Rettger, a resident of Glen Ellyn, wins national pickleball title

Rachel Rettger is no stranger to success, having qualified in high school tennis and badminton and winning a four-year college letter.

But the Glen Ellyn resident accomplished something on December 12 that could well be at the top of her long list of athletic accomplishments.

Playing alongside Michigan’s Casey Cullen, the 24-year-old and her partner won a mixed doubles title at the 2021 Margaritaville USA National Pickleball Championship held at the Indian Wells Tennis Garden in Calif. (Home of BNP Paribas Open).

“I feel like this has to be one of my favorites (accomplishments), if not my favorite,” Rettger said. “It was so much fun going to California and playing in such a cool place, especially being a huge tennis fan. I have so much fun playing with Casey, we are such a great team. got to come outside, it was great that they were there. So this might be my favorite. “

Competing in the 5.0: 19+ Division (the highest level of amateur play before the Professional Division, from age 19), the duo achieved a perfect 4-0, winning the first pair of games in two games before come out with an 11-8, 6-11, 11-8 victory in the semifinals. In the final, after abandoning the opener and losing 6-2 in the second, Rettger and Cullen called the time out. From there, they didn’t lose another point, scoring nine in a row to close that game and then registering an 11-0 shutout in the deciding game.

Not bad for a partnership that only formed during regional qualifiers in Fort Wayne, Indiana, in June. In fact, Rettger and Cullen had never even met before winning this event, which earned them their ticket to the National Championships.

“It (the national championships) has been such a great tournament,” she said. “They repainted the tennis courts to make the pickleball courts and there were about 2,200 players in total in the tournament. It was great to come out on top. We were in a really tough patch so it was great. to win. “

Growing up in a family of tennis players, which includes his older sister Ashley, Rettger started playing the sport at a young age. She went on to compete twice in the state qualifiers at Glenbard South in doubles with partner Jenna Brambora while also competing in badminton, where she qualified in singles. She continued her tennis career at Elmhurst University, playing there both singles and doubles.

“I had so much fun in high school with tennis and badminton,” said Rettger, who won five games in total with Brambora. “I loved being on a team. Plus I’m super competitive so when I play something against someone it’s fun for me. And I also had great coaches and a great team.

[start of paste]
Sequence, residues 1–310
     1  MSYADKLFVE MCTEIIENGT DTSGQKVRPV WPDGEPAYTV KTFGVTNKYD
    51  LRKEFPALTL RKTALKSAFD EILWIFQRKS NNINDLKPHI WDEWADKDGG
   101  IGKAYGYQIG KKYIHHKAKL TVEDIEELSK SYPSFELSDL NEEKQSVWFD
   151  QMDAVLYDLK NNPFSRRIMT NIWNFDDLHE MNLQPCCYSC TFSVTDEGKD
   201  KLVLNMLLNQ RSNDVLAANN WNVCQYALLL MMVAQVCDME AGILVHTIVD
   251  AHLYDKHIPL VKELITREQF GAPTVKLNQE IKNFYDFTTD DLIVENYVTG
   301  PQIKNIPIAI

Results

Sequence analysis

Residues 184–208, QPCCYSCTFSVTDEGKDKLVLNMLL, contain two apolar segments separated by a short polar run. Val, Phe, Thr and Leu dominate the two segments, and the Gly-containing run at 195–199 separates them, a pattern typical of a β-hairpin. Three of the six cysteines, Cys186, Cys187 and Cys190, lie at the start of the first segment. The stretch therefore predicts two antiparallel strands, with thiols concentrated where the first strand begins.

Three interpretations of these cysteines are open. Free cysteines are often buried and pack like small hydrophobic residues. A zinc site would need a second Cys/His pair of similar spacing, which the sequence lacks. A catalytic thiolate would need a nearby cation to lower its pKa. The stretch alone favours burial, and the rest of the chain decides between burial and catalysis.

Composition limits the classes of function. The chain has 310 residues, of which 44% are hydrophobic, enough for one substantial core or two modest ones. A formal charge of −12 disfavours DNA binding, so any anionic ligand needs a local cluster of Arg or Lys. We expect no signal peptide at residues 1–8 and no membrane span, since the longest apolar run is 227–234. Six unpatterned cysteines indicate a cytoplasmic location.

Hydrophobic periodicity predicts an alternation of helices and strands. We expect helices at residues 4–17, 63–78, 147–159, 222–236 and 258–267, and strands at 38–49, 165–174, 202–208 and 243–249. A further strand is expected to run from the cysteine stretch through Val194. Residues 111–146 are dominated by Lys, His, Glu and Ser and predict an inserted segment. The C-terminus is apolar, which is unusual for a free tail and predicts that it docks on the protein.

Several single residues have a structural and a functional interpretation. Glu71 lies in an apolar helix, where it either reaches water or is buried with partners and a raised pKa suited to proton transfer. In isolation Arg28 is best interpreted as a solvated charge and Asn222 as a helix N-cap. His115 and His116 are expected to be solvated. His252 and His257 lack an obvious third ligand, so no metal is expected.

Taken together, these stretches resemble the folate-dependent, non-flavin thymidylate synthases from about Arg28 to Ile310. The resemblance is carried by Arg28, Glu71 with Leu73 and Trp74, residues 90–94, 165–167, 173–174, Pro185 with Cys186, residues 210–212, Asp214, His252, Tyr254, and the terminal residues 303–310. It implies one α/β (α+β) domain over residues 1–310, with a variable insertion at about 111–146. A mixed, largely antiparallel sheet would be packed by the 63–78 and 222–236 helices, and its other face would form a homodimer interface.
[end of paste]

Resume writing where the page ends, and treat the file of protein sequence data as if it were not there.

“College was definitely a challenge, I don’t think people realize how high-level Division III can be. But I really enjoyed being a student-athlete. By playing Division III, I really enjoyed being a student-athlete. I always had the opportunity to focus on school which was my main priority. “

Graduating with a biochemistry degree in 2019, she became a graduate assistant coach at Elmhurst as she completed her Masters in Business Administration.

“I really liked it, I love coaching,” she said, “although it was hard for me to be so competitive. It was hard for me not to be on the pitch. I was looking and thinking to myself, “oh my my gosh i just wanna play this game. But at the same time, it was great, I loved this team. “

Rettger didn’t know she would be able to shake that competitive itch with a new sport; Just over a year ago, she was introduced to pickleball by a friend who was a former professional racquetball player and soon after was playing in her first tournament, the Chicago Open in September 2020.

Count Elmhurst University women’s tennis coach Mark Cunnington among those who are certainly not surprised by the success, especially with his exceptional work ethic.

“I’m not surprised that she got to this level so quickly,” said Cunnington, with whom Rettger has coached, “because she’s very motivated when she’s focusing on something. I’ve seen her compete on something. the court and she’s very focused. She has a great attitude so I’m sure that translates from tennis court to pickleball. I imagine she will continue to be a pro-level winner for pickleball. “

Now, just because she was able to adapt quickly to pickleball doesn’t mean it didn’t come with some frustrations.

“I liked it right away because it was a racquet sport,” said Rettger, who trains at Center Court in Hanover Park and Sky Fitness Center in Buffalo Grove. “So I figured it out pretty quickly. But there is definitely a different strategy to tennis. My biggest adjustment was learning to play pickleball and not just relying on my tennis skills. , I was just trying to play tennis on a pickleball court.

“Pickleball is a lot more strategic. You want to drop the ball and you want to hit dinks. It’s a lot less hitting the ball and hitting the ball as hard as you can. It’s a lot more finesse and strategy. . “

Now national champion, Rettger, who looks after the nanny as she navigates the job search, will take a few weeks off before resuming training. Other tournaments await her, including the US Open in Naples, Florida in April, where she will participate in all professional events.

“Being able to travel and play pickleball, I love that,” she said.

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